Wake up and smell the joy

Upon arrival in their room, one of the first things guests will do after checking out the view is assess the quarters’ coffee situation. Question number one: is coffee brewing even an option? Other inquiries to follow may include: pods or filter packs, decaf or regular, and how many? cream and sugar, and how many? styrofoam cups or ceramic mugs?

It seems simple enough, but in-room java can be the tipping point that makes the guest in the garden suite add an extra star to their online review. Even before they get to the waffle maker or omelet station, travelers are passing judgment on the a.m. offerings. And hotels across the country are waking up to myriad innovative ways to ensure that every guest gets their favorite cuppa. No more waking up and missing the smell of fresh brewed happiness―guests can now have a “better” coffee and tea experience in the comfort of their rooms.

Sometimes coffee is all about pleasure. It used to be a thrill when the barista etched a heart into cappuccino foam, and now San-Francisco based AF & Co. Restaurant & Hospitality Consultants predicts boutique coffee drinks such as almond milk lattes and nitro coffee on draft, coffee lemonade, coffee cocktails, and more in their 2017 Trends Report.

Other times, coffee is about necessity. Travel blogger Ben Schlappig has written extensively about his coffee experiences on his blog onemileatatime.boardingarea.com. “I’m rarely in one timezone for more than a few days,” he says, “so I’m often asked how I deal with jetlag. The answer is coffee. Lots and lots and lots of coffee. All day. Every day. That’s why I write quite a bit about hotel coffee.” One might think, when someone is using the beans for medicinal purposes, that not much matters beyond caffeination. On the contrary, Schlappig writes, “When you’re jetlagged and constantly in different timezones, you notice the oddities of how different hotels approach coffee. Some hotels offer crap in-room coffee.”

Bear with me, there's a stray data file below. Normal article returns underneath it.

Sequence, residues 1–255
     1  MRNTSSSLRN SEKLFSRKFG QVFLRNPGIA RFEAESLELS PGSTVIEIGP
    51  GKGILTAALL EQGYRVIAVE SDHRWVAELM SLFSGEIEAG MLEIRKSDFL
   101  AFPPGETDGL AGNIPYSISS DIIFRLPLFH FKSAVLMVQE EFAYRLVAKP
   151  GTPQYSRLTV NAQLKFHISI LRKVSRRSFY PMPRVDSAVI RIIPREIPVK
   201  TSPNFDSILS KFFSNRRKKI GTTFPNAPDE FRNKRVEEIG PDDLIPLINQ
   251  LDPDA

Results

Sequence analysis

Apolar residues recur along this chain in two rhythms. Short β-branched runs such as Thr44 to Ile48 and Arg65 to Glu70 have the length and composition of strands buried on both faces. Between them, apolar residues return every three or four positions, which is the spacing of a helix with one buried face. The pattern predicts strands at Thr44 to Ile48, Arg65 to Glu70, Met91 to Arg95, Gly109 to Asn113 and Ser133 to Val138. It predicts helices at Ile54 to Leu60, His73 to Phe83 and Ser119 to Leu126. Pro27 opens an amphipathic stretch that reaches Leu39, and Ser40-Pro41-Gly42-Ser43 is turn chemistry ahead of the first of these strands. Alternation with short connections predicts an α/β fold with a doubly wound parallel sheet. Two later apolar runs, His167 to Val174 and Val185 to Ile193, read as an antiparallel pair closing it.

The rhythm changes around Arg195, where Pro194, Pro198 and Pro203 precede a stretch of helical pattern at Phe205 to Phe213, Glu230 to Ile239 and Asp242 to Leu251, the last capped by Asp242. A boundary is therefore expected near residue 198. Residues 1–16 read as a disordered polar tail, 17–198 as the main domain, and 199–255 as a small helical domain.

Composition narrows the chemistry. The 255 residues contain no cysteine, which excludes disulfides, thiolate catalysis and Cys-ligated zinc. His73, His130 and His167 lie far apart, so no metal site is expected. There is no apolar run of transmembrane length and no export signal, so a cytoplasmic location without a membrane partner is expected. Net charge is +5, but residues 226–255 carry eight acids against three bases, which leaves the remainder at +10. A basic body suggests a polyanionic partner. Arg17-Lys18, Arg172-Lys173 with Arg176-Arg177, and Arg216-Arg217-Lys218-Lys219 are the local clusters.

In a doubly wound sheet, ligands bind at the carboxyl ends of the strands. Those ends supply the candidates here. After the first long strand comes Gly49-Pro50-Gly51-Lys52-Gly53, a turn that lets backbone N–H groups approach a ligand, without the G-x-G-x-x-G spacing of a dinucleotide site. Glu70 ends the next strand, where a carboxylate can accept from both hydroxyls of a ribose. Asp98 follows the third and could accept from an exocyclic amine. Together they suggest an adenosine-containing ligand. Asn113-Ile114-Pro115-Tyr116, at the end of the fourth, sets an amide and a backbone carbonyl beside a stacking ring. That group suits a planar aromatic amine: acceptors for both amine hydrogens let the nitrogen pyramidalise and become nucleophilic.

Well. This is simply inexcusable. And it doesn’t have to be like that.

Hilton Worldwide took this issue head-on by forming a partnership with The Coffee Bean & Tea Leaf to ensure that every guest gets “fresh gourmet in-room tea and coffee offerings.” The exclusive Hilton Morning Blend offers a 100 percent Arabica blend from El Salvador, Sumatra, and Brazil and is also available through the hotel's online store HiltontoHome.

In partnership with H.C. Valentine, Fairmont hotels offers a signature blend of Arabica coffee beans harvested from Africa and Central and South America. Aligning with Fairmont’s emphasis on sustainability and locally-inspired experiences, H.C. Valentine is committed to finding farmers who honor sustainable growing practices. The Signature Blend coffee beans are delivered to the hotels within a few days post-roast, where each pot is then freshly ground and served to guests immediately.

In New York City’s Flatiron District, Broadway Plaza hotel offers, “fresh ground Starbucks coffee and Lipton tea around the clock” to ensure that the guest is never out of options.

illy caffè, the third-generation family-owned coffee company from Trieste, Italy, recently announced its new cold brew coffee steeping pack for hotels. Using only single origin Arabica beans from Brazil, the illy cold brew packs are designed for ease of steeping, with zero waste.

And now a company called Tradecraft Outfitters is bringing regionally-specific craft coffees and specialty teas to the mainstream. “When you need to find new ways to grow F&B revenue,” they assert, “the premium price point that craft coffee and tea drinks command is a great addition to your offering.” With Tradecraft, even large national hotel chains can now deliver a specialized, local, and authentic program in their lobbies, restaurants, and guestrooms. This “one-stop solution” includes all equipment, accessories, and training. Headquartered in Chicago, the company has formed partnerships with local roasters across the U.S., including Lamplighter Coffee Roasters in Richmond, Virginia, Parlor Coffee in Brooklyn, NY, and Stumptown Coffee Roasters in Portland, Oregon. This not only showcases the talents of specialty roasters, it gives guests an extra connection to the local culture.

But really, whether it’s a fun assortment of pods, a singular blend, or a geeky craft brew, coffee-loving guests just want to know they are taken care of. Then they can really rest easy.